A Different Universeby Robert B. LaughlinThe Artful Universe Expandedby John D. Barrow
A Different Universe
The goal of “reductionism” is to take all of nature apart to see all the cogs and levers moving matter and energy around. A thorough going materialist could hope that reductionism is the path, however arduous, to a complete understanding of the universe. A more modest version of materialism would allow that some aspects of the universe will inevitably remain opaque to our inquiries, but still insist that looking for the underlying cogs and levers is the only way to get a valid understanding of nature.
Major opposition to mechanistic reductionism has usually come from those who argue that there must also be some kind of “vital principles” such as souls to account for some aspects of nature. Nineteenth-century vitalists pointed to wounds that heal themselves, embryos that somehow develop into offspring, and the other wonders of reproduction. One person quipped that if you put two live dogs together you may end up with puppies, but however long two mechanical clocks lie side-by-side they will never produce little tickers. Living things need goal-directed souls to reproduce. Similarly, Whiteheadian process philosophy today declares that even the simplest physical event in the universe already has a mental aspect.
Robert Laughlin represents a quite different form of antireductionism. He is an “emergentist.” From physics mainly, the field in which he won his Nobel Prize, but also from biology, he offers numerous examples of complex and surprising behavior that seems to emerge out of an underlying unpredictability.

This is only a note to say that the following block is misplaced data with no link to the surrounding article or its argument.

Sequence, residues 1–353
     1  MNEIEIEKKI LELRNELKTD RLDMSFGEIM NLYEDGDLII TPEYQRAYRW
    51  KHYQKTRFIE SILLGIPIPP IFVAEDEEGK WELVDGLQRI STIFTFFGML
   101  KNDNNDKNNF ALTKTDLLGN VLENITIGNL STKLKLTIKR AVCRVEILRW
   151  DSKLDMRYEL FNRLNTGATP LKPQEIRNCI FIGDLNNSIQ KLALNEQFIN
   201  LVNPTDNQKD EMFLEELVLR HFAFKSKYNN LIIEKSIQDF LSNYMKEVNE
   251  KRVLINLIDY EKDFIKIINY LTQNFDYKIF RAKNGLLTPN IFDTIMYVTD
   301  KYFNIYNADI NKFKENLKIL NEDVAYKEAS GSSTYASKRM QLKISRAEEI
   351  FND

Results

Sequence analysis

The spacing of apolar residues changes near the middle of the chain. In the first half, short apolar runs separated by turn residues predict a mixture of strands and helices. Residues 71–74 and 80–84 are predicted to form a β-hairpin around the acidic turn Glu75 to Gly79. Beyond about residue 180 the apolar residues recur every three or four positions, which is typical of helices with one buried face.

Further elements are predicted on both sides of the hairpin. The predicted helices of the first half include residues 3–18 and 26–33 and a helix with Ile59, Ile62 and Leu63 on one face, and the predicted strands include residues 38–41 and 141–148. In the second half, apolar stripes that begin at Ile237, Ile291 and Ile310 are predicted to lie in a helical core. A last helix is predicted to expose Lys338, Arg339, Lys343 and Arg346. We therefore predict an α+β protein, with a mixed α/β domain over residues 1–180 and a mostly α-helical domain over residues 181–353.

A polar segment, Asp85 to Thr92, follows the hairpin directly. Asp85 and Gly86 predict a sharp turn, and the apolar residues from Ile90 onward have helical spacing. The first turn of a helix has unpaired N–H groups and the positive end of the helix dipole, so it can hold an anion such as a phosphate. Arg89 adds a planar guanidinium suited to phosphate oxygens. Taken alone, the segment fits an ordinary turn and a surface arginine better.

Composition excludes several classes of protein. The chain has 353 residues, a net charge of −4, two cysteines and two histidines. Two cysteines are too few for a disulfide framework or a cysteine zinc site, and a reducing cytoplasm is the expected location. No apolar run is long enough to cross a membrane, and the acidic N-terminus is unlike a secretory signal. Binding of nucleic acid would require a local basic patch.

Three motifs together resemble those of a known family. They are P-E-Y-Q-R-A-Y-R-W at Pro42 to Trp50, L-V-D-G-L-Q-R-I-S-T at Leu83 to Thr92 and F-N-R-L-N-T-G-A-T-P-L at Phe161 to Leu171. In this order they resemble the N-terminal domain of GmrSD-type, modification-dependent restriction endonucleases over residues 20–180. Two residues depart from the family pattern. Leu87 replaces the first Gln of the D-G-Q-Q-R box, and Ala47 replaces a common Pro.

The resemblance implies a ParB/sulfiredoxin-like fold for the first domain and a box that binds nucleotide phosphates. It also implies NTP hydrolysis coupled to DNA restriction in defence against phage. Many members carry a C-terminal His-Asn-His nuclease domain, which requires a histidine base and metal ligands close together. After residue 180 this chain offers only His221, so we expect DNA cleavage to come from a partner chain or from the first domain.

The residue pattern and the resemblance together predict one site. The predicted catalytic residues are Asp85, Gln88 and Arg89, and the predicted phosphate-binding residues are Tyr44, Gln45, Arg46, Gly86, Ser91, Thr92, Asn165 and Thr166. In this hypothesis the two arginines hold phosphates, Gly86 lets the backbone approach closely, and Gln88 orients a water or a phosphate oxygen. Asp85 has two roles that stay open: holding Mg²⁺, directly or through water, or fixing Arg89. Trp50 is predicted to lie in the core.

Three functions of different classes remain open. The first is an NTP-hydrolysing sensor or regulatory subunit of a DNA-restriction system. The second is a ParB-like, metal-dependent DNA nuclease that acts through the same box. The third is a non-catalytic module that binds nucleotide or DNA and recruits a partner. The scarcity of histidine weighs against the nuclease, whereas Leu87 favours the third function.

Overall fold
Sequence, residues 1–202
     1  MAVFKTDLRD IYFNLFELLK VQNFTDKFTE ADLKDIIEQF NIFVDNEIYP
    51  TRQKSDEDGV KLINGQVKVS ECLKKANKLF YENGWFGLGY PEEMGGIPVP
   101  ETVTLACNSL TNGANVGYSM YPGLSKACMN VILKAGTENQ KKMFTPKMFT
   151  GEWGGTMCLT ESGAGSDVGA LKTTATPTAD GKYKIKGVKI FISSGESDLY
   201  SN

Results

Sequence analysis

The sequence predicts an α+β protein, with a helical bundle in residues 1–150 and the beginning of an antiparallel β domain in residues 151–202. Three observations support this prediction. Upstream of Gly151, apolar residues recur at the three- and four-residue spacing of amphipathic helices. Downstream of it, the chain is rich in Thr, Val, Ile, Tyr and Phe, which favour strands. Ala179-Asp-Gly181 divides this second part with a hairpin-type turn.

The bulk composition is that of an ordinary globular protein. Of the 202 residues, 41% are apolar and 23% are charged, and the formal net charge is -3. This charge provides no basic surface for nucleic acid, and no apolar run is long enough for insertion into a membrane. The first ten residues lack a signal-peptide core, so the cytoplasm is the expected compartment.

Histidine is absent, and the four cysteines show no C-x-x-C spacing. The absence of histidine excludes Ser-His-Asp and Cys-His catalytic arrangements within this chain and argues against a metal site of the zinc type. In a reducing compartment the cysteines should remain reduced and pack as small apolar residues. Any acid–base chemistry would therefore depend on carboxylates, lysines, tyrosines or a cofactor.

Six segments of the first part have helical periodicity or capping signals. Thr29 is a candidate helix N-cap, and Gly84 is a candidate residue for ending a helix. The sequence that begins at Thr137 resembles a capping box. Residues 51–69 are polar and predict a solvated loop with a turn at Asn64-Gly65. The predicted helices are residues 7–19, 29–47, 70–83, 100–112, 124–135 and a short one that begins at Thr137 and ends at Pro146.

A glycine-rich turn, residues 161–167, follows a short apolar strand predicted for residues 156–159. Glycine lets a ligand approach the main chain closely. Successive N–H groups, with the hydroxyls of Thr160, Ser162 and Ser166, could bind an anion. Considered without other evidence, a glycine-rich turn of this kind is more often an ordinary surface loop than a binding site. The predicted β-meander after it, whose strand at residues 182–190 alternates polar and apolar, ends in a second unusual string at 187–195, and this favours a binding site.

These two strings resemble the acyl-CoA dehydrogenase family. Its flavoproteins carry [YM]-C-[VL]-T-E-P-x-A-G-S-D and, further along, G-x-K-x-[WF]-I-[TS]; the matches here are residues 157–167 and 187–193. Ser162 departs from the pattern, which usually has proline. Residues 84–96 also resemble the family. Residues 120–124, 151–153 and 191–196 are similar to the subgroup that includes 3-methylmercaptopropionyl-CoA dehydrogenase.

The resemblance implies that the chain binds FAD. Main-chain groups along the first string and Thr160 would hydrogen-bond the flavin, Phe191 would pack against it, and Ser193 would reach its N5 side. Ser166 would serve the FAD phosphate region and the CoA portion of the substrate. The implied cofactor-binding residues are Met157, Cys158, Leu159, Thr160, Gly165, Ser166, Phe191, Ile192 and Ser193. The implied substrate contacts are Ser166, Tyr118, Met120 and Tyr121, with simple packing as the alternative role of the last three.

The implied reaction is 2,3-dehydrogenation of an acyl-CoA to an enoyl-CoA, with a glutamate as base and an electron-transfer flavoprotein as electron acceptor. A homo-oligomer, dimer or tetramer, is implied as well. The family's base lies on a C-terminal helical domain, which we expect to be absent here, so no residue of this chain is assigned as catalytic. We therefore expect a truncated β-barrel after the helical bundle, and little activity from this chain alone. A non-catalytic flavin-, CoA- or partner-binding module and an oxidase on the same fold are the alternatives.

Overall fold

The physical world, he claims, is like the economic activities of a large city. There are some laws regulating commerce, food quality, loan arrangements, and so forth, just as there are basic patterns to nature. But the economic flow of a city cannot be entirely reduced to these laws. Much more is going on. In any one day millions of people make decisions-merchants, bankers, tax collectors, truck drivers, and shoppers. Stores sell food past the due date; delivery trucks break down; a supplier or two go bankrupt. Yet in the city as a whole the necessary food and fuel and furniture and fixtures somehow flow to the myriad proper places for pick-up and payment. There is a basic economic order that emerges out of the mess.
Likewise, on the subatomic level, many particles play strange and erratic games. But once you pass a certain numerical boundary of a few billion atoms, let us say, the surface of the table remains wonderfully stable, in spite of all the games going on in the table with this atom or that. From the confusion of the quantum universe arises “emergent Newtonianness,” like Newton’s universe, a stable and comprehensible reality.
Laughlin says we do not quite know why this is the case. He repeatedly points out limits to science’s understanding. All the way from quantum events up to atomic and molecular activity, to conductivity and superconductivity, in fact all the way to gravity, whatever that really is, we can measure and we can predict, but much of the time we do not really understand why these patterns should exist or do exist. Yet out of the energetic but lifeless darkness emerges our reliable physical world, including its many life forms.